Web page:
Horse & Hound

Goodnight Tessa Waugh’s hunting diary

A dreamy fun ride emerges from the doom and gloom of another lockdown, as Tessa Waugh watches horses and people of all shapes and sizes safely enjoying a pleasant autumn day


IF you build it, they will come.” Those are the reassuring words that Kevin Costner (he of the well-practised smoulder) hears in the cornfield in Field of Dreams, a baseball film from the 1980s. Kevin’s character goes ahead and builds the pitch against the odds and is rewarded when the ghostly players arrive to play. These days the disembodie­d voice would have to add, “as long as you’ve completed a risk assessment, displayed your social distancing policy and provided masks and hand gel on tap”.

There is nothing like a pandemic for putting a downer on things, or so I thought until last weekend when a Field of Dreams scenario developed here on our doorstep.

It was just a few days before the hunt hosted another fun ride when news came through that the north-east was entering a regional lockdown: not as severe as the one earlier in the year, more of a lockdown-lite which involved pubs and restaurant­s closing at 10pm, and no mixing with other households.

It would have been easy to conclude that getting people together, albeit outdoors, was too complicate­d and to cancel the ride until restrictio­ns lifted. Luckily, Ed, the organiser, bashed on, and on the allotted day 180 people – all booked in beforehand for the purposes of track and trace – turned up with their horses.

On the ground, 20 or so helpers were tasked with watching road junctions, pointing the way and scooping up any fallers. The visitors proceeded to spend a happy two hours or so cantering along field margins, trotting up hills and down dales on the farm belonging to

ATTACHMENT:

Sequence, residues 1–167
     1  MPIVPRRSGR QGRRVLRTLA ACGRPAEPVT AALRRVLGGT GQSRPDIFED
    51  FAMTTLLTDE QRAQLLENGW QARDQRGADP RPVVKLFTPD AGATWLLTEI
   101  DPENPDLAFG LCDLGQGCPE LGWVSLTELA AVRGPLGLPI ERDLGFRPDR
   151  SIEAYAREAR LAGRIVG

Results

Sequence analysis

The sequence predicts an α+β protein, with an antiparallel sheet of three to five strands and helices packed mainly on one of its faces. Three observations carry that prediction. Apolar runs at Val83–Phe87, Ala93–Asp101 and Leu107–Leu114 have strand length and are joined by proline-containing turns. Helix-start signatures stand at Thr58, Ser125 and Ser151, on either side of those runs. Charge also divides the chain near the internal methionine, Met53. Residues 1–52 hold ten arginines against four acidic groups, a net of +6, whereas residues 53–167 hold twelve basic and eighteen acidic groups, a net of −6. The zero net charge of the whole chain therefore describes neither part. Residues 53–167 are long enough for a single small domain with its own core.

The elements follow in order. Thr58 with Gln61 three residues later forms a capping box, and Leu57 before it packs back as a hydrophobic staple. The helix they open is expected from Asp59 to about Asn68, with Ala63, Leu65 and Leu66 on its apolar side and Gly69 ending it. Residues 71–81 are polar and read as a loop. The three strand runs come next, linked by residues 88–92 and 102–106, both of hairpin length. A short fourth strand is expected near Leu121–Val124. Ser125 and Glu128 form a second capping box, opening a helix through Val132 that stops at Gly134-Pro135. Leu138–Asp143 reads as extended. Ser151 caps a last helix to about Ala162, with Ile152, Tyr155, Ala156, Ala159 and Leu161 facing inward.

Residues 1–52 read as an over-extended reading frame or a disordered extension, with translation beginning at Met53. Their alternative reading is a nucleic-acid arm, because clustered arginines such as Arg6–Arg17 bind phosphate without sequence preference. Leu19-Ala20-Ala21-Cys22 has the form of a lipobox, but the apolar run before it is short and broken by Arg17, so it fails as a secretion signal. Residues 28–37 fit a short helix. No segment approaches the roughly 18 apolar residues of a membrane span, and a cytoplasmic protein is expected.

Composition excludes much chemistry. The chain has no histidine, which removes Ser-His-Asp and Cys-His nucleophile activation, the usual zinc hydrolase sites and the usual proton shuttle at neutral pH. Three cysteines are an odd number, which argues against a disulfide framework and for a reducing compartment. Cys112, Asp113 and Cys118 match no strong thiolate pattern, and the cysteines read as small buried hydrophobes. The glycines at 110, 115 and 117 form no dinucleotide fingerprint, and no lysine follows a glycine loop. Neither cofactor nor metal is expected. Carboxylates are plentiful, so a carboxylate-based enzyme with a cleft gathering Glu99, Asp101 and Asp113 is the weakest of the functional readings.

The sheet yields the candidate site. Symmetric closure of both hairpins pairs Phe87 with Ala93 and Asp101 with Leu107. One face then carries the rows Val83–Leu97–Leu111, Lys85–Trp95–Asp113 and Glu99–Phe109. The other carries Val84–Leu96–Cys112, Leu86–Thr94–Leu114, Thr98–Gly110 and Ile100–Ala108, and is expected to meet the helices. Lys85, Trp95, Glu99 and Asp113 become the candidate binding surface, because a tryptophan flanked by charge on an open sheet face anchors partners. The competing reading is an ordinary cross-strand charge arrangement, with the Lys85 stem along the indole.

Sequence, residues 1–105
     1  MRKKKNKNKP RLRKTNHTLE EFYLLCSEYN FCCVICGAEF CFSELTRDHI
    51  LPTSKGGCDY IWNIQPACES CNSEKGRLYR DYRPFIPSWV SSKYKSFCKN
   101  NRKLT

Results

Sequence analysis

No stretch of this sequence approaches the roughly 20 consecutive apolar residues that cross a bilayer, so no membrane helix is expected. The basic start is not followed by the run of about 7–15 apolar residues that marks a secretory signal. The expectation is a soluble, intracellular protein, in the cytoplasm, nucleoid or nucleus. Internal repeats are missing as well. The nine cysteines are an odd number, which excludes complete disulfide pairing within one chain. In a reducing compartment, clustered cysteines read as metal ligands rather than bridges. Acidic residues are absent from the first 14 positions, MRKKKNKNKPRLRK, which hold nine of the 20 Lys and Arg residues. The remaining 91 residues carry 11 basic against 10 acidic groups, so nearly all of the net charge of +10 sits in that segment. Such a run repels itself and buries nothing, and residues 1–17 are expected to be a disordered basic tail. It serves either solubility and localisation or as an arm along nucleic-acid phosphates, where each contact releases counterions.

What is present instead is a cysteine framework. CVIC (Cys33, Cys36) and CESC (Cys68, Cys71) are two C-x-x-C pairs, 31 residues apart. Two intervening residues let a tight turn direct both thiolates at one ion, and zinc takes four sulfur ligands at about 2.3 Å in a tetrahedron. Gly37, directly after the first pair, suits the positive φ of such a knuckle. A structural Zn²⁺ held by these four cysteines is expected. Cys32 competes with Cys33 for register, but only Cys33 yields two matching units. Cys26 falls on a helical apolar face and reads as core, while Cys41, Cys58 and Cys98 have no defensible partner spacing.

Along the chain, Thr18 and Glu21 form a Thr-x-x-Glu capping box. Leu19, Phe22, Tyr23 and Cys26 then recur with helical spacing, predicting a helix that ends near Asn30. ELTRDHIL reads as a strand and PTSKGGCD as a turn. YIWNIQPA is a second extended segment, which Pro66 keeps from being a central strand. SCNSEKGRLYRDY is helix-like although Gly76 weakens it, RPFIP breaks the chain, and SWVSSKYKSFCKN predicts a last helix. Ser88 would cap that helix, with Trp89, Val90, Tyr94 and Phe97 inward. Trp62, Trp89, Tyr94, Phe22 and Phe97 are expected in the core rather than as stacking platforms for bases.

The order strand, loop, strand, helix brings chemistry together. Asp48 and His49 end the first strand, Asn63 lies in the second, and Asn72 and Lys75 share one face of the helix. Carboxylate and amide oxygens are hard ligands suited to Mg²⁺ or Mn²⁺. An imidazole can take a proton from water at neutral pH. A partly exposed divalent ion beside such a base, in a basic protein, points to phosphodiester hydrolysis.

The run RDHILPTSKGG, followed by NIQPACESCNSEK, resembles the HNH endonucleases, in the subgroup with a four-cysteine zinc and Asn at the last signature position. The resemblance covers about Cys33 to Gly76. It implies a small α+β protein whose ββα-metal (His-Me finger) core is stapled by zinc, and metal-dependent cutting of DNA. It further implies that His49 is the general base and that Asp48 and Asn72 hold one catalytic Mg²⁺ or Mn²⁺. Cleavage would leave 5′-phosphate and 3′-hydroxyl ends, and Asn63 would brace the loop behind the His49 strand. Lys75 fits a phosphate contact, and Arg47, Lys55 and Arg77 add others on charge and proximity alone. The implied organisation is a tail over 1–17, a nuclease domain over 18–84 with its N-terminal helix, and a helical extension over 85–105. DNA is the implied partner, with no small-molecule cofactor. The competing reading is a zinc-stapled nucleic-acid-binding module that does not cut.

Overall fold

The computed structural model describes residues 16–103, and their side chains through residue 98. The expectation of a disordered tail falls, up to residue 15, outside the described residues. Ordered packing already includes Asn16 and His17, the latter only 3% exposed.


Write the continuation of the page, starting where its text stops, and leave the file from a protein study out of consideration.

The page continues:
“The lack of competitio­ns, or anything really, has piqued interest in

these fun ridesÓ

two former masters of our hunt, with a couple of jumps thrown in for good measure.

Some had come from as far as Durham, two hours away. It seems the lack of competitio­ns, or anything really, has piqued interest in these rides. People have spent plenty of time at home this year and they want to get out and enjoy themselves.

MARY and I were at the start with the job of ticking everyone off as they started. We looked across a field of trailers and lorries parked 20 metres apart, watching the riders return, smiling and relaxed, hands on the buckle. There were horses and people of all shapes and sizes. Young and old. People riding around en famille in chattering groups, people riding alone, just them, their horse, a pleasant autumn day and lots of peace and quiet. Old men on skittering Arabs, teenage girls on feisty coloureds, a little girl on a Shetland being led by her dad on foot.

With lots of doom and gloom around, it’s good to know that happy outcomes do occur in real life, not just Hollywood.

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